“Recently I gave an entire message to our church on these ideas.”
As a pastor. I’ve been trained how to create a sermon so that it’s theologically sound (good hermeneutics) and applicable to the listener (good homiletics). However, seminary never taught me how to help church people listen better and retain what they hear in a sermon.
In the last few decades, neuroscientists have learned much about how the brain learns and retains information. In this post I suggest several ideas you can share with the people in your church to help them retain more of what you teach and preach. Recently I gave an entire message to our church on these ideas. So, consider these insights and how you might share them with your church.
1. Learning occurs in three phases.
Phase 1 is called encoding, when people actually listen to a message. When we hear a message, our brain initially places that information into short-term memory called working memory. The part of the brain called the hippocampus is highly involved here.
Phase 2 is called consolidation. This occurs when recently learned information is pushed throughout your brain into long-term storage. When that happens, our brain connects the information to what we already know which strengthens the memory traces related to what we heard.
Phase 3 is called retrieval, and happens when we hope our listeners remember what we said and apply it at a later time. And the more effort it takes to retrieve it, the better they will learn it.
2. The more you know about the subject/Scripture passage, the better new stuff gets learned.
All learning is based on prior learning. We only learn when we can connect information to something we already know. So, the more familiar your listener is with the passage you’re teaching, the more they will retain. I will often print the upcoming passage in each week’s sermon notes and encourage people to read it a few times before the next Sunday.
3. A good night’s sleep on Saturday and Sunday profoundly impacts learning.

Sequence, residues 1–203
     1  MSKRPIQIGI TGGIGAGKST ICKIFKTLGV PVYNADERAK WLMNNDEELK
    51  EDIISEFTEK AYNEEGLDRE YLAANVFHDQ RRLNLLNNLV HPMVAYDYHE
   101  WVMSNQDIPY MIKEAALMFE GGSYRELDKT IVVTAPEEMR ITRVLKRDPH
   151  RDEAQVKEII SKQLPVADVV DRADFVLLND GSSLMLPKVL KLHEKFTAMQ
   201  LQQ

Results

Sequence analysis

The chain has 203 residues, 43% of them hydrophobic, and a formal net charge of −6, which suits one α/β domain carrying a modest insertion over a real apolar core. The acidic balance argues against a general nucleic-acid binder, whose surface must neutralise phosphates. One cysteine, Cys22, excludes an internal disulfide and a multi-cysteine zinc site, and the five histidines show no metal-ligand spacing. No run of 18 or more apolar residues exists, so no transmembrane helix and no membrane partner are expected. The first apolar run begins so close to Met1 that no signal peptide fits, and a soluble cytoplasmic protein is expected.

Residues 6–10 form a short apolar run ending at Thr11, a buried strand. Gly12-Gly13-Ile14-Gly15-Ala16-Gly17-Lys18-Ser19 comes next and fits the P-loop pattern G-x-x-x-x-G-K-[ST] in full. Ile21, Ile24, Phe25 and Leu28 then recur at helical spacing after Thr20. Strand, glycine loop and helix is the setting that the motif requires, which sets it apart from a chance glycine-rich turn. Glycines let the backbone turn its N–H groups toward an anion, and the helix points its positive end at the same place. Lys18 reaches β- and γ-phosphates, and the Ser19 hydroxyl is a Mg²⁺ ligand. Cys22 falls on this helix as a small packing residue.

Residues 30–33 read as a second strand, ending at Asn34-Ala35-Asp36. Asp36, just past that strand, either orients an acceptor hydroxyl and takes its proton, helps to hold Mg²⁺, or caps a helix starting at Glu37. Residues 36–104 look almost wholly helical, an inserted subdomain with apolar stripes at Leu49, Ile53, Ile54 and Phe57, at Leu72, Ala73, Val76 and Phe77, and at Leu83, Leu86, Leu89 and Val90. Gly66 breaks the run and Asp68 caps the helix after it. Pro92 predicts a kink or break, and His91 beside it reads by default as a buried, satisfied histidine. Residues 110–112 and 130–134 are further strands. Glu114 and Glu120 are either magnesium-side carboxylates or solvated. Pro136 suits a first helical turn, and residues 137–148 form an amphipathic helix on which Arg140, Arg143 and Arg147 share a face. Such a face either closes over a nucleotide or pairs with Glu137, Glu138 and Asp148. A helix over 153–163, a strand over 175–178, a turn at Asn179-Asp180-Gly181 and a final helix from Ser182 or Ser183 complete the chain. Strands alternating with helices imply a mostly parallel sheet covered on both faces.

A good night’s sleep on Saturday night rests the brain for more efficient listening and improved attention. And a good night’s sleep on Sunday helps with the second stage of learning mentioned in point one above, consolidation. When we sleep memories get diffused into multiple parts of the brain, which cements our learning. Learn more here about how sleep benefits our brains.
4. Only what gets paid attention to gets learned.
The better your listener pays attention to what you say, the more they will retain what you say. The responsibility for increasing attention goes both ways. We must deliver our messages in interesting and compelling ways AND the listener must pay attention, as well.
In Acts 17:11, Luke notes this about the people in the town of Berea: “Now the Bereans were of more noble character than the Thessalonians, for they received the message with great eagerness and examined the Scriptures every day to see if what Paul said was true.” They exemplified intense attention, eager to hear what Paul taught.
When listening to a speech or sermon, the average brain goes in and out of attention every 12 to 18 seconds to engage internal dialogue that seems more interesting (salient) than what we are listening to. When we zone out because we are reflecting over what we just heard, the brain creates a stronger chemical signal resulting in a more lasting memory. So, making your listener think deeply about what you say will enhance learning.
5. The more you personally apply what you hear, the more it sticks.
This is called self-referential learning. Find ways throughout your sermon to interject ways your listener can apply what you teach. Don’t wait until the end of your message before you suggest applications.
6. Review and reflection the week following enhances learning.
When your listener reviews and reflects over your sermon, it requires them have to not only retrieve information from their memory banks but elaborate on it as well. Elaboration strengthens the neural pathways related to the topic of your message.
7. Coffee, coffee, coffee.
Caffeine increases attention, which in turn increases learning. So, offer coffee before your service. In this post I suggest how caffeine may make you a better leader.
Ultimately the Holy Spirit transforms people’s hearts, values and character. But genuine transformation requires effortful learning by your listener. It’s not a passive process. Share these insights with your church and trust the Lord to use them to enhance learning.
What has helped you improve what people in your church remember about your messages?
Charles Stone is the senior pastor of West Park Church in London, Ontario, Canada, the founder of StoneWell Ministries and the author of several books, including most recently Brain-Savvy Leaders: The Science of Significant Ministry. This post was originally published on CharlesStone.com.